The Innkeeper turned to surrender to their better logic, but stopped when dark wavy hairs whipped in a wind gust by the lantern.

“Bloody hell.” She grabbed a knitted shawl and rushed out her front door.

Moments later, she returned fighting for air, her cheeks rose with bitter chill. “I need a hand.” A few more hitched breaths. “Girl… barely alive.”

The Constable and the Vicar darted out into the gloom behind their hostess’s lead.

The Vicar dropped beside the motionless body in the snow. “Heaven’s name!”

The Constable stepped over the girl and knelt next to her. He rolled her onto her back, holding a hand under her nostrils. Weakened warm puffs cut through the bone-chilling storm. “Still breathing.” He cupped his hand under an arm. “Let’s get her inside.”

The men took the unconscious girl under either arm and dragged her in out of the cold. The heap on the sled moved and moaned. The Innkeeper lifted the bear fur garment. A wave of numbing tingles cut through her bitter cold flesh.

“Call for the Cleric!”

The Constable bobbed his flake-coated head as he stumbled indoors. Once they had the girl under roof, the healer staggered through the footprints left behind to the sled.

Another gust whipped her blonde bangs. “What is it?”

The Innkeeper threw back the fur. A dark-skinned man lay unconscious. Deep lacerations. Bound at the hands, neck, and feet by iron chains and shackles.

The Cleric felt his neck for a pulse. “Nothing.”

“He groaned,” the Innkeeper said, clasping her thin arms around her chest. “I heard---”

The Stranger moaned once more.

The women exchanged a concerned glance.

The Innkeeper’s hand hovered over the man’s fresh wounds. “He’s in some sort of predicament.”

“I’ll take him to my cottage.” The Cleric dug the vines out of the snow and heaved.

Her neighbor started for her inn. “I’ll have the Miller assist.”

“I can manage.”

The Innkeeper waved off her offer. “He’s probably snoring beside my fireplace. He could use the chore.”

The big lug came lumbering out the front door in a cloud of flatulence from both ends. “What’s all the ruckus?”

The Innkeeper pointed to the heap on the sled. “Give her a hand getting that back to her cottage, won’t you?”

The Miller groaned. “That’s on the far end o’ the---”

“Clam it.” The auburn-haired woman had him where she wanted him. “If you can’t help your neighbor with a dying man, then I suppose the pie will have to wait.”

He turned his meaty head of long black curls and spat into the snow. “Devil of a woman.”

Satisfied, she strode back toward her cozy fire. “I do what I must.”

The Miller rubbed his large paws together and tromped over to the waiting task. He took both ends of the vines in one hand and pointed down the snowy road with the other. “Lead the way.”

Once they had disappeared into the whiteout, the Innkeeper went inside and closed the door. The others had set the girl in the Miller’s soft seat. Her head of black waves fell over a trembling ashen face.

“Is she injured?” The Innkeeper strode closer, examining her for signs of a struggle. None existed.

The Constable shook his head. “Looks to have a few weapons on her, but no visible signs of a struggle.”

She shooed the Vicar toward her main desk and kitchen. “Can you fetch me a few fingers of the winter gin?”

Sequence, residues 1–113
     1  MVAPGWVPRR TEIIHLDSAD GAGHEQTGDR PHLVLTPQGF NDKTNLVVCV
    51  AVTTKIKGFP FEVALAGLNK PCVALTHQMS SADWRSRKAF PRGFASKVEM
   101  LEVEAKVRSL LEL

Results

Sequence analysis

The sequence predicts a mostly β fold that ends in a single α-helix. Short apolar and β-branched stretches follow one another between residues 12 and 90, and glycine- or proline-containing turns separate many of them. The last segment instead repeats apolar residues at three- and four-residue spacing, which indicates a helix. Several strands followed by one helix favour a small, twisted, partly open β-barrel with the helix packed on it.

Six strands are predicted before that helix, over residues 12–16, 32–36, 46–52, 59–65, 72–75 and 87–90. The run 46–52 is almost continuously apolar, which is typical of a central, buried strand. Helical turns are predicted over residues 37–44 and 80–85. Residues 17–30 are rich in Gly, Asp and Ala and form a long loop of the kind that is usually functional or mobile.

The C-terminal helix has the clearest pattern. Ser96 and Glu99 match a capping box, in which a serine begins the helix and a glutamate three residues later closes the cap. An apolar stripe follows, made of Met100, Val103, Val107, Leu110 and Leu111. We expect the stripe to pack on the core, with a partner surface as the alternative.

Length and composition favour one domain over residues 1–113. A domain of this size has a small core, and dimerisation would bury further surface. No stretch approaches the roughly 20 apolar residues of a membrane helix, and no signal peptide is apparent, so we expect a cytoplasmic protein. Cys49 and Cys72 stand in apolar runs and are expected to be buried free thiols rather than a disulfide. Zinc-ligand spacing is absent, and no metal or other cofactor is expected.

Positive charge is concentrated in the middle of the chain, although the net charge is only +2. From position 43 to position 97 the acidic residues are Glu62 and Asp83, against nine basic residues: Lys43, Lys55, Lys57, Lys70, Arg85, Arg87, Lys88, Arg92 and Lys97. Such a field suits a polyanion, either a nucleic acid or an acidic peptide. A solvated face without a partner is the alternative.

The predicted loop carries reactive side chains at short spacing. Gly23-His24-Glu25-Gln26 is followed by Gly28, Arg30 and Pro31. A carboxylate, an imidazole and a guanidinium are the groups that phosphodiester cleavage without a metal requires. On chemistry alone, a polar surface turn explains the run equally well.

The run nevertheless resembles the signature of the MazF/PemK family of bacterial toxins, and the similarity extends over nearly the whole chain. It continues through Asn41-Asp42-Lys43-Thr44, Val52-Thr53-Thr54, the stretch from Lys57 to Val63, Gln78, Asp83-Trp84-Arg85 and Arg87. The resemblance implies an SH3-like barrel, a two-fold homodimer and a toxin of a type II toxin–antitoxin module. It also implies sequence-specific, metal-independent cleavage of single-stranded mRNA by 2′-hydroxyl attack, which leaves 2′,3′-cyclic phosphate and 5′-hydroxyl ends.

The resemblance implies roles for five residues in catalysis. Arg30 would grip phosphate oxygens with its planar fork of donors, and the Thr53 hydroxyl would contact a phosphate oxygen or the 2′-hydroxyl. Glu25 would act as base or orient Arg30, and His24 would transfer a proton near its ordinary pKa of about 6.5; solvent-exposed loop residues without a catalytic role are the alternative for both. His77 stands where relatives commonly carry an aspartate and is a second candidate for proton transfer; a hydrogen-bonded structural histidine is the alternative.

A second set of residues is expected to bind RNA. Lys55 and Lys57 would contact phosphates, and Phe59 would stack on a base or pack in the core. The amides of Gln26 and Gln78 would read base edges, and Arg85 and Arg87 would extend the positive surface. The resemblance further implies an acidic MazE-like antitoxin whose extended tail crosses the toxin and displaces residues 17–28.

His head bobbed. The holy man disappeared in a flurry of brown robes and shuffling boots.

“Where you suppose she came from?” The Constable stepped away from the girl.

The Innkeeper’s lean shoulder elevated. “Hard to say. The city’s the nearest point on any map before these hills.”

“True.” The lawman walked to the long front window and looked out into the storm. “Wonder what led them way up---?”

The Vicar returned, sliding across the polished wooden slats in the floor. The spirits sloshed out of the crystalline tumbler and onto an arm of the ornate velvet chair.

“Apologies.” He blotted the mess with a brown sleeve.

The Innkeeper took the cup from him and set it against the girl’s lips. A mumble, then a painful swallow.

The Innkeeper gave her a break, “That’s it, child.” Then, she tilted another swill down the newcomer’s gullet.

This time, the girl gagged and came up swinging.

The front door creaked ajar. A short woman bundled in lavish furs stepped inside. “What do we have here? A visitor?”

The Constable nodded. “Afternoon, Mayor.”

The Mayor dusted the flakes from her boots and thighs. “Quite a mess outside today!”

She took measured paces to the newcomer.

“Found her passed out next to the lantern.” The Constable slid a wooden chair next to the girl and sat.

The girl squirmed. “Who are you?” Her eyes darted around the room. “Where are my things?”

The Innkeeper attempted to set a soothing hand on her arm, but the girl retreated. “Easy. You’re in safe company. Our cleric took your friend and belongings to her cottage on the other side of town.”

“Friend?” The newcomer’s expression soured. “That thing is no friend of mine.”

She rose from the chair and stumbled to the windows.

“Take your time,” the Vicar said, shuffling over to assist. “You’re still weak, uh…” he waited for her to fill in the blank, but nothing came. “What should I call you?”

Her head turned back and forth, searching. “Kannen. Call me Kannen.” She spun around to face her new company. “Tell me you didn’t release him.”

The Innkeeper cleared the long red curls from her blue eyes and scoffed. “Release? The bonds were on him when I found him as were his wounds.” She closed the distance between them, her face stern. “Care to tell us how that happened?”

“We haven’t the time,” Kannen said. “I’ve got to make sure.”

She started for the door, but the Innkeeper and the Constable cut her off.

He stroked his moustache. “First, we’ll need some answers.”